In Azerbaijan the Virus is not only threatening public health, but also the freedom of opinion of internet users.
Starting on March 31, 2020, the Cabinet of Ministers of the Republic of Azerbaijan introduced a lockdown1 that became stricter on April 52 and was extended until May 43 .It was eased from April 274 , before being eased further eased and extended until May 315 .
Starting March 31 citizens can only leave their apartments for a limited time upon receiving special permission (by sending a free SMS with ID number) if there is an immediate threat to life and health, to purchase medication and products (initially for 2, then for 3 hours once a day), and to attend funerals. Individuals in certain occupations (doctors, certain government institutions, employees of industries permitted during special regime) may leave their apartments after registering with an e-government portal. Schools and universities, most shops and services (list extended from April 27), malls, parks, and other gathering places are closed. Travel between regions is also prohibited, except for emergency services and law enforcement.
The legal and administrative regulations governing the “special quarantine regime” merits particular attention. The CabMin (Cabinet of Ministers‘) decisions refer to article 25 of the law “on sanitary-epidemiological safety”6 according to which the government may “apply special labor, education, movement, transportation conditions and regimes in the relevant territories or facilities within their competence” and conduct “decontamination, disinfection, disinsection, deratization and decontamination” measures.
Some lawyers have argued that the range of lockdown measures rather required the declaration of the state of emergency (as was done in Georgia for example) under Article 112 of the Constitution. No explanation for shunning these procedures was offered, apart from some insinuations that the government may be planning some extraordinary elections or referendums this year, whereas according to Article 7-1 of the Electoral Code in times of states of emergency and 3 months following it no elections or referendums may be held.
A new crime was introduced7 into the Criminal Code by Article 139-1 that punishes breaches of “sanitary-hygienic or quarantine regimes” that “create real danger” of spreading diseases (up to three years imprisonment) or result “in human death or other grave consequences” (up to five years imprisonment).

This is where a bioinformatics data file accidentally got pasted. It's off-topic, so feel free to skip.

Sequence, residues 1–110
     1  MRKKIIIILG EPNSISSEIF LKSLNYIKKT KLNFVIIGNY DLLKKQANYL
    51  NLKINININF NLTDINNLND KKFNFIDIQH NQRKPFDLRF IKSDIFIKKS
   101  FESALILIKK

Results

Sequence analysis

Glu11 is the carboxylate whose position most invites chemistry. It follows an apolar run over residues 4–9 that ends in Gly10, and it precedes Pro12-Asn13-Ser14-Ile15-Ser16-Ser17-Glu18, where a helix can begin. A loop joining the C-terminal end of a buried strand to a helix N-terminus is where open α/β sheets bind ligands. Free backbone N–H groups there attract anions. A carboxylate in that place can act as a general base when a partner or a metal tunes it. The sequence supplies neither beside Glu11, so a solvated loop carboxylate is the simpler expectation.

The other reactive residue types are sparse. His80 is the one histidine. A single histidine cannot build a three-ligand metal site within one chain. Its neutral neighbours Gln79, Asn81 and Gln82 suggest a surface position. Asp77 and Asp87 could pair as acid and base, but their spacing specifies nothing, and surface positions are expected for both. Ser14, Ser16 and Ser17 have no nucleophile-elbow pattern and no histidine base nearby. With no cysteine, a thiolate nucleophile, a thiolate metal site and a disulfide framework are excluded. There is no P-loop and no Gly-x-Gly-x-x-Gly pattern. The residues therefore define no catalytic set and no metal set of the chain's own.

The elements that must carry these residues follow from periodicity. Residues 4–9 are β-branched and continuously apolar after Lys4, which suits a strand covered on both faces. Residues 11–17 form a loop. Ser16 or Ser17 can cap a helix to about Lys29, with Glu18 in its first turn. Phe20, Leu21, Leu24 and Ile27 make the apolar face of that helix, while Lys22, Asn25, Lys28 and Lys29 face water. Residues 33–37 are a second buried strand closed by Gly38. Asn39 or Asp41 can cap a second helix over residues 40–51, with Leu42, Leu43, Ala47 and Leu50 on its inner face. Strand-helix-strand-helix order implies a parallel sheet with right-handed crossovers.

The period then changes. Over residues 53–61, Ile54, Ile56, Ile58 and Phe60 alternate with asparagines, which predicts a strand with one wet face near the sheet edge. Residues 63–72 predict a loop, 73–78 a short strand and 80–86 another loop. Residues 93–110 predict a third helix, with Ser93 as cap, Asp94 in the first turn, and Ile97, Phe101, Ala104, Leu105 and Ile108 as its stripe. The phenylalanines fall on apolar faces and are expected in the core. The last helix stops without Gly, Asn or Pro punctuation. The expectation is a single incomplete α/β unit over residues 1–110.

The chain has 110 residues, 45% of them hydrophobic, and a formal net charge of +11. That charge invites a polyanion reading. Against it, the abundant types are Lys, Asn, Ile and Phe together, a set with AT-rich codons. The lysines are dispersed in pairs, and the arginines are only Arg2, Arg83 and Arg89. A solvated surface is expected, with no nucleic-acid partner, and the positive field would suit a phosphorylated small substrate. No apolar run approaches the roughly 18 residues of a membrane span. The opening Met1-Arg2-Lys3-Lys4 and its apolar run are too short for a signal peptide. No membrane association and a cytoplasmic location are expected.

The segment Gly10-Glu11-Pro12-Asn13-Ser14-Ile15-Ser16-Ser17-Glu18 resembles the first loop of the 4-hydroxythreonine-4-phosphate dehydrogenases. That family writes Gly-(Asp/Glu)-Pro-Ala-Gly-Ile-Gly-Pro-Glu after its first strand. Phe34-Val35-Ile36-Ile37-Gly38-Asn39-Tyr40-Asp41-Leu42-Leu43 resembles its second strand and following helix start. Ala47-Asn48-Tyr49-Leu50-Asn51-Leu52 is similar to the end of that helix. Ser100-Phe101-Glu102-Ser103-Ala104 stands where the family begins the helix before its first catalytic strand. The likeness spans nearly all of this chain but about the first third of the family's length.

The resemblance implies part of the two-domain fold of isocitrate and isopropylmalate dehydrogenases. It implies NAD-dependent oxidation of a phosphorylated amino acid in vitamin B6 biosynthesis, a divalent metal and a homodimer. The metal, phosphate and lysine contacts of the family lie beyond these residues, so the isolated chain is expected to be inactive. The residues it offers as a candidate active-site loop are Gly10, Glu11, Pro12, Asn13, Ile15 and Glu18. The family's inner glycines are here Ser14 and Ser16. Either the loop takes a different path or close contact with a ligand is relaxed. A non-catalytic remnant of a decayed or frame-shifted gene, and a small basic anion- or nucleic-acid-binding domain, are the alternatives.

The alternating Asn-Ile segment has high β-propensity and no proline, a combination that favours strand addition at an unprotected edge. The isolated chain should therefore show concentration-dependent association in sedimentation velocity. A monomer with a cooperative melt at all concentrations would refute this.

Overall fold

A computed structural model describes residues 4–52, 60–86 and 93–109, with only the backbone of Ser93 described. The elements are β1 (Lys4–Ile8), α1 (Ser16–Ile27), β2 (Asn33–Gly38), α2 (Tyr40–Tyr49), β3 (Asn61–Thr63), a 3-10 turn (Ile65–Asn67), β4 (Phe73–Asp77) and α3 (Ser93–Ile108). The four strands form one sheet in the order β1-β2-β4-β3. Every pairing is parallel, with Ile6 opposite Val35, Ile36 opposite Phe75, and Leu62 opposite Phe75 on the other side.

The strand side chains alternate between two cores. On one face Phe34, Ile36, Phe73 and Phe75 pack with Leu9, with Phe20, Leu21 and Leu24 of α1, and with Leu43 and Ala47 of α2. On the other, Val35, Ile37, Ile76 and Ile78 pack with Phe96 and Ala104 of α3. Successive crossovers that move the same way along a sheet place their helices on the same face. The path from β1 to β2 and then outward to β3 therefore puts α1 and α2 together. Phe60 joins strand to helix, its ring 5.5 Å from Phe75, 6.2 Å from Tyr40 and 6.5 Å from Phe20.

On the same date two more laws entered into force, the first one amending the law “on information, informatization and information protection”8 , and the second one amending the Code of Administrative Offenses9 . The laws establish the liability of internet users, and extend the liability of owners of internet resources, owners of domain names, as well as hosts and internet providers.
The first law creates liability of the mentioned subjects, including users of internet networks, for:
“false information threatening to cause damage to human life and health, significant property damage, mass violation of public safety, disruption of life support facilities, financial, transport, communications, industrial, energy and social infrastructure facilities or other socially dangerous consequences”.
The second law extends liability in Article 388-1 for “placement of information prohibited for dissemination on the internet, on information resources or on information-telecommunication networks, as well as non-prevention of placement of such information” not only to owners of the internet information resource and its domain name, but also to users of the information and telecommunication network. The possible punishment envisaged is that:
“individuals shall be fined in the amount of 500 to 1000 AZN, officials in the amount of 1000 to 1500 AZN, or administrative arrest for a period of up to 1 month shall be applied depending on the circumstances of the case, while legal entities shall be fined in the amount of 1500 to 2000 AZN”.
[1000 AZN = about 544 Euro.]
The laws do not specify whether the information was knowingly false, or whether the person disseminating it intended to cause harm. Moreover, it is not clear which information constitutes a “threat” (təhdid) of “socially dangerous consequences”. Neither the law specifies whether the harm should be real, imminent, probable or speculative. It suffices that in the judgement of authorities the prohibited information constitutes such a threat.
It is not a convincing argument that preventing the spread of infectious diseases requires that anyone who, e.g., posts information on social networks about the disease that turns out to be incorrect should be punishable by one month of arrest. In fact, the law does not even specify the range of “socially dangerous consequences”, which means that the restriction is here to stay and will be re-used in different contexts.
Featured image: President.az / CC BY 4.0